Tuesday, 3 July 2012

Autumn Leaves Bass Transcription

Continuing the Miles Davis theme, here's a transcription of Sam Jones' bass line under Miles' solo on Autumn Leaves! This tune is full of ii V I's (4 majors and 5 minors per chorus!) which makes it a valuable tune to have some proficiency on. Next month I will be transcribing the full Miles solo that fits over this bass line to see how the two work together.

This is the first walking bass line I've transcribed and there where a couple of things in particular that I wanted to see how Jones approached; how he tackled two chords per bar, which crops up at the end of each chorus. And also his note choice on the C9. The C9 appears in bars 27-28 and 59-60. Both times this comes around Jones plays the same phrase, I would guess that this is to help the listener's ear become accustomed to where the end of each chorus is coming up. When I play over this section of the song I tend to get a very boxy and obvious bass line coming out as I play R - 5 or R - 3, something like that. Jones does start with R - 5 for the G-7, but then doesn't play another root until bar 31/62! The notes Jones chooses for the C9 are the 7th and 9th which help outline the harmony.

As you may expect what I got from this transcription was a whole lot more! There is so much even from the two choruses I have gone through that I won't be able to highlight every example but I'll go through some of my favourite moments.

The first thing that I noticed about this bass line is the use of very simple ideas, it most definitely makes me realize the art of not over playing, filling the role of a bass player and supporting the soloists. A great example of this comes in bar 24 over the Eb major.

I often feel that while I'm walking it's a crime to go back and play the note I've just played for fear of sounding boring, Jones proves this isn't the case again on bar 41 playing C octaves over a C-7. Again on the Am7b5, Jones plays R R b5 R, clearly outlining the overall harmony on that bar.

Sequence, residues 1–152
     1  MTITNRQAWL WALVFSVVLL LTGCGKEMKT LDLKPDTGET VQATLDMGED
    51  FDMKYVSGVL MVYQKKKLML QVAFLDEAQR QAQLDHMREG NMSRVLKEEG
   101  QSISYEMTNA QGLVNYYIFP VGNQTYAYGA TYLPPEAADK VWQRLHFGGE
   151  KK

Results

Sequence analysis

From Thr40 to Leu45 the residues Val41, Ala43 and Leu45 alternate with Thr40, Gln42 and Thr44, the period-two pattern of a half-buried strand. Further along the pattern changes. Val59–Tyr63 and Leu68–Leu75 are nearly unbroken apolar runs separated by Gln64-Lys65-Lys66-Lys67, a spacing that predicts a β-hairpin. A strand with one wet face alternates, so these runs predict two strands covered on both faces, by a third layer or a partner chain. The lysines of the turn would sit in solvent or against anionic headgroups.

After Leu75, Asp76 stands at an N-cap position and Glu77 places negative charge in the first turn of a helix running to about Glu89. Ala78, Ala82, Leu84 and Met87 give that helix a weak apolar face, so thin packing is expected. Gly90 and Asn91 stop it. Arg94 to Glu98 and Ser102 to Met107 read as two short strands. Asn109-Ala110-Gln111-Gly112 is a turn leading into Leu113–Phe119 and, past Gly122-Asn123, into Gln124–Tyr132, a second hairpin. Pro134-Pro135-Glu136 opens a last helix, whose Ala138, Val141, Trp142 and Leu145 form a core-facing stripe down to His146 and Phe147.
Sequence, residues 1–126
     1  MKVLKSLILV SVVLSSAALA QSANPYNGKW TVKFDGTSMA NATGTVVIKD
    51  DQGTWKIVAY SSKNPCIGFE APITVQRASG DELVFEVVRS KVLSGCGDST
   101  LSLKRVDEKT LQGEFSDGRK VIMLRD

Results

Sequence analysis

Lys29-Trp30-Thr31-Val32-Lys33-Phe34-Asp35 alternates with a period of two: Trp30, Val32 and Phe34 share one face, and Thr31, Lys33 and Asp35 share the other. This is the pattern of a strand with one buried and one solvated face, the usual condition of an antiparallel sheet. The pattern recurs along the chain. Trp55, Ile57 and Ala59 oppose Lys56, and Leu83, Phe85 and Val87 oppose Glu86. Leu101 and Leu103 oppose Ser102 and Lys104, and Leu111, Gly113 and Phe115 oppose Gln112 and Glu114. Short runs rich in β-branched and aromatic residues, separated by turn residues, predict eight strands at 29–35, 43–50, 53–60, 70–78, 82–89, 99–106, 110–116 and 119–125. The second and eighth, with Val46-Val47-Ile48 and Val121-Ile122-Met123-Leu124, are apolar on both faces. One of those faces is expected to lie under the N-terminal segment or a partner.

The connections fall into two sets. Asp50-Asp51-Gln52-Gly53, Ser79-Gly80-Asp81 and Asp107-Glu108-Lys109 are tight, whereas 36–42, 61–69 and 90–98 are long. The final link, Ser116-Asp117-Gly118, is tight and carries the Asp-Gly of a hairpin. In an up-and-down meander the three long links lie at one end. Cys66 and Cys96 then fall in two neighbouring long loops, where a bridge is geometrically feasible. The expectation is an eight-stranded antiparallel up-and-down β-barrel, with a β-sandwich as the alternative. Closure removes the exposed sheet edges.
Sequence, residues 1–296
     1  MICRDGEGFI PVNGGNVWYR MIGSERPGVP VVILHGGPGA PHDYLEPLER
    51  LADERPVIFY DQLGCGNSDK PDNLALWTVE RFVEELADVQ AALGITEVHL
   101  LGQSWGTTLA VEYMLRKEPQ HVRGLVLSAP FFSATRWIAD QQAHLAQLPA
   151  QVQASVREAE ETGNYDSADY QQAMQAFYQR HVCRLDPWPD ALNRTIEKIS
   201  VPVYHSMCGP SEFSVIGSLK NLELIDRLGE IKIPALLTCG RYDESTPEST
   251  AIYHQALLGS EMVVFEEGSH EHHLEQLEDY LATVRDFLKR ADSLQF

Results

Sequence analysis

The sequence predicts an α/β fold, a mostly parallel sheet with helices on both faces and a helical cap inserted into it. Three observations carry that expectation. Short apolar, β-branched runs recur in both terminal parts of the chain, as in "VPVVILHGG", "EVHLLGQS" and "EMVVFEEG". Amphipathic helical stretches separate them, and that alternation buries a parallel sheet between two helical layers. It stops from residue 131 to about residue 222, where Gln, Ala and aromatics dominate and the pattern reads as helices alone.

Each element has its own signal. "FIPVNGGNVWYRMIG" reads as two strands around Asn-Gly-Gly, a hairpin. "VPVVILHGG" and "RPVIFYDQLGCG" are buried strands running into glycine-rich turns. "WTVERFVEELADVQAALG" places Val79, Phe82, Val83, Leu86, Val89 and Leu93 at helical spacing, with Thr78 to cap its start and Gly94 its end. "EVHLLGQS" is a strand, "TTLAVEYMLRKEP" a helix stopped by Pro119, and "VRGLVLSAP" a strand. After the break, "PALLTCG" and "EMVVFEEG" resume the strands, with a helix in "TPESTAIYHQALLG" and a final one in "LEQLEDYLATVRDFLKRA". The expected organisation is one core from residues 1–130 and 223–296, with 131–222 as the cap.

Continuing from Jones' simple ideas, I was also quite surprised at the amount of standard arpeggios I found. Pretty much every time the double bar of G-7 comes around he will play up and down the G- arpeggio, the same thing happens when the BbM7 EbM7 come around.

Another feature that really stood out to me was the shape of the line being played. You can clearly see from the example below without even needing to play the line how much it flows. This is pretty much a constant feature through the song, as well as through most jazz bass lines! This smoothness is definitely something to strive for when creating your own line.

The final point to make with this is his use of chromatic notes to lead you into the next bar. This is something that has been heavily covered in online lessons but when you play through this transcription you will see why! 
Two examples of this stood out to me in this transcription, the first in bar 46 where Jones plays a chromatic leading note on beat 3 and 4 instead of just 4. The second was in bar 54 where Jones plays an E natural over the F7, the third of the chord, but he uses this as a passing note to a Bb (5) on beat 1 of the next chord, EbM7. This example is below and also doubles up as a nice ii V I to learn.

For more on this specifically visit Scott Devine's website and look for his lessons on beginning walking lines.

Full transcription available here!

And here's the video :)


  1. For a student like me, this kind of work is perfect. Really helps when you analyse bass parts and understand why the greats played like that, theory wise.
    Great, keep it up!

    1. Glad you're finding it useful! I'm still fairly new to this jazz stuff but going through the music of the greats in as much detail as you can really starts to clear things up at a pretty rapid rate, I'd highly recommend it!